Tweeting the Liberal Arts


Charlotte Crawford '16 and Rebecca Doser '16

Digital modes of communication are rapidly evolving, reshaping the ways that we communicate and thus altering liberal arts education. During last fall’s Crimmel Colloquium, Christopher Long, dean of the College of Arts and Letters at Michigan State University, gave an interactive presentation aimed at changing the way we understand modern modes of communication. Using Twitter as the platform for his presentation, Long showed Laurentians that social media and education are not mutually exclusive—the former can, in fact, play a pivotal role in the latter.

Long addressed the omnipresent classroom conflict between engagement and distraction. Saying “I want your divided attention,” he invited the audience to interact with his presentation in real time via the Twitter hashtag #SLUFY15. He thus illustrated how modern tools like Twitter can facilitate engagement, when put to use in the right way. In an educational environment, he said, this is a great way to keep students involved.

“These tools aren't just fun and games...these are tremendously powerful ways to communicate,” Long said. “To press a button and have your information be seen by many...Gutenberg would have been dying for something like that.”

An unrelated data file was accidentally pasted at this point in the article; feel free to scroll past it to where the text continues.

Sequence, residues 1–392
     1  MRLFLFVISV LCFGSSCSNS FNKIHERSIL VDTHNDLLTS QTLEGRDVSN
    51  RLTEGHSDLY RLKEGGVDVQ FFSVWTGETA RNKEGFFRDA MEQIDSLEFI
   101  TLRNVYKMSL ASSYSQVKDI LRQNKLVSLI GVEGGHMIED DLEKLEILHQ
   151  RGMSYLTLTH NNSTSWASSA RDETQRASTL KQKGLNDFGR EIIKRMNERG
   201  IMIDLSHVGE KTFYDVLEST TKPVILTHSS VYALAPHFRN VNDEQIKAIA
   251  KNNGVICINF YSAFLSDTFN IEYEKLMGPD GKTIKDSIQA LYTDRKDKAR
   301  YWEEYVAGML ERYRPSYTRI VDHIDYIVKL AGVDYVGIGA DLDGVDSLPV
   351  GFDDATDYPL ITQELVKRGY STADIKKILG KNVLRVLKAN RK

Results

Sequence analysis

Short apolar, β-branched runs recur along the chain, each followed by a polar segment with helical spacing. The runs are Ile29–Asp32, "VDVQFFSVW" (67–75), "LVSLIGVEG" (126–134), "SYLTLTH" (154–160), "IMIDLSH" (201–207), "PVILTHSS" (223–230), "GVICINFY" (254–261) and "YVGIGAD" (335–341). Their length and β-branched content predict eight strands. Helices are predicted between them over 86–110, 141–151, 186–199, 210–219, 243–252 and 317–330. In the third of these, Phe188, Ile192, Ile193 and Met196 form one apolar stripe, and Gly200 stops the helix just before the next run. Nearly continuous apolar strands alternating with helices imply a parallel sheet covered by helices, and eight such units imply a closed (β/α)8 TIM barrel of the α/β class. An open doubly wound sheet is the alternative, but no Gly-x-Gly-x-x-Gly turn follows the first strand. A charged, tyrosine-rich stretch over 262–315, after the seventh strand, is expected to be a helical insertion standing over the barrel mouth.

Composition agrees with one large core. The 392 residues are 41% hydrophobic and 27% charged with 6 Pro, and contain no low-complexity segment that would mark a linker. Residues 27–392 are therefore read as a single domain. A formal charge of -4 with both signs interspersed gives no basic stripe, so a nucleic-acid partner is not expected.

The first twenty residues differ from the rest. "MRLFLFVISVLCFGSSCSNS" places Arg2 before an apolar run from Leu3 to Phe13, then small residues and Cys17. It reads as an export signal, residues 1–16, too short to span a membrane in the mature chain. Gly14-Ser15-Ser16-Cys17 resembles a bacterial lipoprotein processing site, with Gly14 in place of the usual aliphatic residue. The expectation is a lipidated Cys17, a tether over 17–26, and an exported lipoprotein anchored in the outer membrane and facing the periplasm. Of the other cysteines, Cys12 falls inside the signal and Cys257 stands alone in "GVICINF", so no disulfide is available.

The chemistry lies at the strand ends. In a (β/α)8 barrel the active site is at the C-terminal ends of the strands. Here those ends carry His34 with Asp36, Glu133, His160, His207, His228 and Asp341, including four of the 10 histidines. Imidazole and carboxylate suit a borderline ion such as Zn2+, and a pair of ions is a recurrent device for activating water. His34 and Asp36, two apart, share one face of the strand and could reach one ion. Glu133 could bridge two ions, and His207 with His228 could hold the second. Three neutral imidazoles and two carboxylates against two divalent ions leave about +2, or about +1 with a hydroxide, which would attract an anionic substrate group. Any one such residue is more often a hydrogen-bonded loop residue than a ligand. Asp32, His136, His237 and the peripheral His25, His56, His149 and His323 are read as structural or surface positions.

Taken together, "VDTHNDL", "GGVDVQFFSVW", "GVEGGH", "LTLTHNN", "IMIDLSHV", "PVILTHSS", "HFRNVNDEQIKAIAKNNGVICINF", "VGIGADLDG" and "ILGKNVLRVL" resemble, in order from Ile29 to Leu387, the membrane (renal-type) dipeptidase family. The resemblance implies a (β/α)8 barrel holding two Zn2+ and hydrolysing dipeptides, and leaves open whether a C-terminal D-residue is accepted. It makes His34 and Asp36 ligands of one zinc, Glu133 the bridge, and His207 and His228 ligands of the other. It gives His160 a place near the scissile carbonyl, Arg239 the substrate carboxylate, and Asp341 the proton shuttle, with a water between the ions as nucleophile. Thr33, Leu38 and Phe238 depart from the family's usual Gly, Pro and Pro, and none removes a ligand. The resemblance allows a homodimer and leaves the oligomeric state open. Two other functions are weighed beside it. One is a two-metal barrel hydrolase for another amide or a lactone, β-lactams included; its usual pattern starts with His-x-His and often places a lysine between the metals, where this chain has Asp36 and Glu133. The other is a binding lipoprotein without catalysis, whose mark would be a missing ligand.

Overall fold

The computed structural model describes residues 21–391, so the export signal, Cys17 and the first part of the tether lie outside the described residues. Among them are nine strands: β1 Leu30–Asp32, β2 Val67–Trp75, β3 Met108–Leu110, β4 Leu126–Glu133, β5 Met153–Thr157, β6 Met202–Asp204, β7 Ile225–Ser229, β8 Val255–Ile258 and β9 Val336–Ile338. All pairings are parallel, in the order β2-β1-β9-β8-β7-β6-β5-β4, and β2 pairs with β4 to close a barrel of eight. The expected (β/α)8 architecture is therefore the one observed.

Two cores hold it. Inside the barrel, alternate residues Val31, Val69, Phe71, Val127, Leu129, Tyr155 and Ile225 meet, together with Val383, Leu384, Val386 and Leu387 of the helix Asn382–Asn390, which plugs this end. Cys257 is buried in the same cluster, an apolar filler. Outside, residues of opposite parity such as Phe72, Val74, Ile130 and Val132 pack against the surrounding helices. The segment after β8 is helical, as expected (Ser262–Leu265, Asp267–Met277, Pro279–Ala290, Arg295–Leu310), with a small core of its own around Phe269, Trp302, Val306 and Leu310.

Stephen Barnard, an assistant professor in sociology, was especially active in the live Twitter feed. Barnard, who uses digital communication tools in the classroom, lent a learned perspective to the overall conversation. His tweets, such as “Adapting to change in an increasingly digital world may be discomforting but it's oh so very important #SLUFY15,” regularly popped into the presentation’s live Twitter feed—and with the use of the hashtag, were instantaneously archived for future reference on the web.

Barnard strongly supports Dean Long’s philosophy. “Digital technologies are here to stay, and the more we can do to raise awareness of the academic potential of these tools, the better off we will be,” he says. “The Internet sure does pose an amazing opportunity for people to be life-long learners, but this requires a set of literacies that we should take very seriously going forward.”